Comments 12

  1. I have been coming for a personal retreat from Bloomington, IL at least annually for the last ten years. When I pull in the drive, I know I’m “home.” While at the monastery, I walk on holy ground, spend holy time, encounter holy people. “Holy” and “sacred” are nebulous concepts, but I know that this is where God “restoreth my soul.”

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      Author

      Carol, it is hard to describe “the holy.” Maybe it has something to do with feeling “at home.” We are always glad to have you here on retreat. Thank you for your comment!

  2. Last weekend, I visited for the first time and G-d willing it will not be the last. What an incredibly peaceful prairie on which to wander and wonder. If your schedule at all permits, I would absolutely recommend participating in Sunday Assembly – what a taste of heaven and literally all are welcome!

  3. Thanks for this wonderful article: I entirely agree. Our own Tradition is very much desirous of providing a similar place for both religious and retreatants. I love how this article explains the purpose and mission of a monastery: to provide room for the religious–but also to provide a space for the greater, secular, community: and even if they don’t come to the grounds, the mere presence of the monastery does fulfill, indeed, an important role in society. Thanks to the Sisters for their charism!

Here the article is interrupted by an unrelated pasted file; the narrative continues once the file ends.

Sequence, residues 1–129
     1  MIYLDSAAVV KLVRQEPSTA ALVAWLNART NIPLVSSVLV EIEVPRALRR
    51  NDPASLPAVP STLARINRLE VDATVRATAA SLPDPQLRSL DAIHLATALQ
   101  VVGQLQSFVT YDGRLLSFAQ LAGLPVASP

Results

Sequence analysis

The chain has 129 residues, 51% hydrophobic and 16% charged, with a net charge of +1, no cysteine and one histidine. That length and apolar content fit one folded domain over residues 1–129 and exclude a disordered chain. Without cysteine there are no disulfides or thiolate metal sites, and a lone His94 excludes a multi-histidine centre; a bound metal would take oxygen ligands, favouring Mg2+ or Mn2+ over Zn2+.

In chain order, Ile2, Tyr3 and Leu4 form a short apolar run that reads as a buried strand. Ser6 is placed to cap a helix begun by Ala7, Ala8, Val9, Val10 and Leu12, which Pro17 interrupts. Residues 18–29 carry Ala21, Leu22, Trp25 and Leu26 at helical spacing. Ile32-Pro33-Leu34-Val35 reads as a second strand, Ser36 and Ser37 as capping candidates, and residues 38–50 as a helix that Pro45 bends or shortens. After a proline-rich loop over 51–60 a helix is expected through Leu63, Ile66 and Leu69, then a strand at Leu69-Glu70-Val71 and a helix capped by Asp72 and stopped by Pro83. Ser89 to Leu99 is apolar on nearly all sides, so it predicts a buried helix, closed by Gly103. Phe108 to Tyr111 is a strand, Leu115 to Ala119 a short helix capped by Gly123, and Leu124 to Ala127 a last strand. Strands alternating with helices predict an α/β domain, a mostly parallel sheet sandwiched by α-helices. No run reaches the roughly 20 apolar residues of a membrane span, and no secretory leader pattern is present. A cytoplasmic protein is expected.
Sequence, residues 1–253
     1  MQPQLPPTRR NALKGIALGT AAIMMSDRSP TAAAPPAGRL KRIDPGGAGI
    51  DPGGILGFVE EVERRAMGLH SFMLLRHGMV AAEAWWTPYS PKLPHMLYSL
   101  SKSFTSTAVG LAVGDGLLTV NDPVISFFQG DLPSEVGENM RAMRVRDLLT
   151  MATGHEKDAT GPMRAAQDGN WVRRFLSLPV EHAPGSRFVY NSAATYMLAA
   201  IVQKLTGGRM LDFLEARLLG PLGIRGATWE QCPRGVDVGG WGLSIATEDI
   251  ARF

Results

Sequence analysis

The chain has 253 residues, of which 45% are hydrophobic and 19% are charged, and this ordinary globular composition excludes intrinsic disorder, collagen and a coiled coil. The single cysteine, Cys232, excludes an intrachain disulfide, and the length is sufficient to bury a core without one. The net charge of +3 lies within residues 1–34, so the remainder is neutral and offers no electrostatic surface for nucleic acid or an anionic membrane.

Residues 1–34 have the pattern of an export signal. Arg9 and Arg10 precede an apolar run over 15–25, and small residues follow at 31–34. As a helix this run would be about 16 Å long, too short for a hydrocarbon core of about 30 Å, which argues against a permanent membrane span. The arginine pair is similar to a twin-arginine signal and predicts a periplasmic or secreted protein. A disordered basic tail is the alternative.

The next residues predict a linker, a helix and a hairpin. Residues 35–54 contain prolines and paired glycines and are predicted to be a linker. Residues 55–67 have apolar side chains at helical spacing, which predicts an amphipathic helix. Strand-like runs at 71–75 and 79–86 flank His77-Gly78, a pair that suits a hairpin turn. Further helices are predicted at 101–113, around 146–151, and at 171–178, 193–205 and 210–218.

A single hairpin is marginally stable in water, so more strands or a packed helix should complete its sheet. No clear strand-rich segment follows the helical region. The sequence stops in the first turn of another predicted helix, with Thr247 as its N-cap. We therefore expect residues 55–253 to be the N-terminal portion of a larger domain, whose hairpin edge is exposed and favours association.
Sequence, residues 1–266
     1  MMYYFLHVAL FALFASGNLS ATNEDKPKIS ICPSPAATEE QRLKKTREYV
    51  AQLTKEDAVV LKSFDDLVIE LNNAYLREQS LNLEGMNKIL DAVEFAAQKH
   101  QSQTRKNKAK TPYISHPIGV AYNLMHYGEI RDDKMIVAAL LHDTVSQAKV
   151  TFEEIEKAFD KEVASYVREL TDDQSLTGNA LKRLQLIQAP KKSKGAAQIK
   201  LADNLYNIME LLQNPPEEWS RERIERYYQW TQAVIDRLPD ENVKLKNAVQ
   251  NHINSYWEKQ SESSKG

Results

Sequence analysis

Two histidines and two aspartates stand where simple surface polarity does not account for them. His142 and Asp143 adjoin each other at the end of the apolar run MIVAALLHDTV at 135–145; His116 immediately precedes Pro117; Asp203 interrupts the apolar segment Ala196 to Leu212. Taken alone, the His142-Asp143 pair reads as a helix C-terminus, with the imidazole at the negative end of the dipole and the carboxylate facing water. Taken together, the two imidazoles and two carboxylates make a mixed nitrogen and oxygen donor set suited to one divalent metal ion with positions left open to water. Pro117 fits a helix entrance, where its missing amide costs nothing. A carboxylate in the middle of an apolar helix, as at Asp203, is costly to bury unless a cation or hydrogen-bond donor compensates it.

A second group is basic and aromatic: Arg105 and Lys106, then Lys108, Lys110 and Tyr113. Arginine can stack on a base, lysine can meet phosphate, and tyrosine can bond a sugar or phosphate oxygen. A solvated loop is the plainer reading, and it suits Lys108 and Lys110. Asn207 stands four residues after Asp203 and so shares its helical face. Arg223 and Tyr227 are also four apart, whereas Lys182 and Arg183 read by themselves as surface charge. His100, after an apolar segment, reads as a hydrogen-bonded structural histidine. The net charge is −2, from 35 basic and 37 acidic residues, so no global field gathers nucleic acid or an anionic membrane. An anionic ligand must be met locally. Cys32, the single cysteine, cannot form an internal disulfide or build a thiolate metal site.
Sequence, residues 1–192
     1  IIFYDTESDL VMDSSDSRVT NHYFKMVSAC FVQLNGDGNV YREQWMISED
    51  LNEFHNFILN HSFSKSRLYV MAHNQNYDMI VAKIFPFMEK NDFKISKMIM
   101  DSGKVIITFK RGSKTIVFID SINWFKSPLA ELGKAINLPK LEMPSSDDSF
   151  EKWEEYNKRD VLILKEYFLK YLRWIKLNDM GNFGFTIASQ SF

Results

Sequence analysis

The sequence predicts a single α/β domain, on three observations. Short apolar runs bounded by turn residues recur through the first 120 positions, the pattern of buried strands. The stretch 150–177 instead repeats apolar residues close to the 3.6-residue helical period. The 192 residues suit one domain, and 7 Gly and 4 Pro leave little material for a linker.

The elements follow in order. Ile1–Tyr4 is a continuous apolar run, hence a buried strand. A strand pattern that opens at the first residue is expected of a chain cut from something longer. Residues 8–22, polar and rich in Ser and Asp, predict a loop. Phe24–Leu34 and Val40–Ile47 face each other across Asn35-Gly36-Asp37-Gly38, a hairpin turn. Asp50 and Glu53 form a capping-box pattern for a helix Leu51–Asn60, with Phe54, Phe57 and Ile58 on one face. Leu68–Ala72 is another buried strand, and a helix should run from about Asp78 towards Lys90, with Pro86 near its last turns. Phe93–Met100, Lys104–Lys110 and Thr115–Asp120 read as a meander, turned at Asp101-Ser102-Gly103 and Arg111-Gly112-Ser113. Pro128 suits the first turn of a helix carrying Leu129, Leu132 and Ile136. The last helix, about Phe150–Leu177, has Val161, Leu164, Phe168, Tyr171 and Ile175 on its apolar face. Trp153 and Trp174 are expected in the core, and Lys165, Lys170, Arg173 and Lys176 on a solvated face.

1. Thanks for your comment, Fr. Peter. I think many people don’t understand the need for a monastery these days. But those who have experienced monastic space know that it touches their needs for silence, solitude, acceptance, and reflection.

  4. [Comment received through facebook] What a marvelous and sacred place. My wife and I always look forward to our personal retreats there. Time for community worship, outstanding mouth watering food, wonderful conversation around the dining tables, study, solitude, silence, and walks through the fields and oak forests. Or if you wish just sit on the hill and watch the sail boats on Lake Mendota. I hate to say “heaven on earth”, but…..